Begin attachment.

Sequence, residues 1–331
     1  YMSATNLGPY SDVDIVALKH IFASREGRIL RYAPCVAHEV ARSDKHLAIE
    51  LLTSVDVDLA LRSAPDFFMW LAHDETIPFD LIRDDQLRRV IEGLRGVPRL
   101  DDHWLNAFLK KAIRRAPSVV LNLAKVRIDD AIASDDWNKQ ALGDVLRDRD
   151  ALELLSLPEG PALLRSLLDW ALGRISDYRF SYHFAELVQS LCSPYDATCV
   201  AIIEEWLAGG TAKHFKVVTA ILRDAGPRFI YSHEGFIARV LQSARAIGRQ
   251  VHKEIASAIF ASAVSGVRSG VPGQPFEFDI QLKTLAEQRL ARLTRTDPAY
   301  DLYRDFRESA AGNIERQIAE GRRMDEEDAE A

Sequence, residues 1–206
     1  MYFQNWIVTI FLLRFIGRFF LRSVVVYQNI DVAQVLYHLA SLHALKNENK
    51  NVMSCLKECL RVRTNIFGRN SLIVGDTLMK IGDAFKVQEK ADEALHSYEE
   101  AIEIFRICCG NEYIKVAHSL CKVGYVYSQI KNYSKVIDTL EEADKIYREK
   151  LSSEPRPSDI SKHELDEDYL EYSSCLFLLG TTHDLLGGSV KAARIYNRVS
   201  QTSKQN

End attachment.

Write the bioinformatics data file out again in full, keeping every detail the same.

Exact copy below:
Sequence, residues 1–331
     1  YMSATNLGPY SDVDIVALKH IFASREGRIL RYAPCVAHEV ARSDKHLAIE
    51  LLTSVDVDLA LRSAPDFFMW LAHDETIPFD LIRDDQLRRV IEGLRGVPRL
   101  DDHWLNAFLK KAIRRAPSVV LNLAKVRIDD AIASDDWNKQ ALGDVLRDRD
   151  ALELLSLPEG PALLRSLLDW ALGRISDYRF SYHFAELVQS LCSPYDATCV
   201  AIIEEWLAGG TAKHFKVVTA ILRDAGPRFI YSHEGFIARV LQSARAIGRQ
   251  VHKEIASAIF ASAVSGVRSG VPGQPFEFDI QLKTLAEQRL ARLTRTDPAY
   301  DLYRDFRESA AGNIERQIAE GRRMDEEDAE A

Sequence, residues 1–206
     1  MYFQNWIVTI FLLRFIGRFF LRSVVVYQNI DVAQVLYHLA SLHALKNENK
    51  NVMSCLKECL RVRTNIFGRN SLIVGDTLMK IGDAFKVQEK ADEALHSYEE
   101  AIEIFRICCG NEYIKVAHSL CKVGYVYSQI KNYSKVIDTL EEADKIYREK
   151  LSSEPRPSDI SKHELDEDYL EYSSCLFLLG TTHDLLGGSV KAARIYNRVS
   201  QTSKQN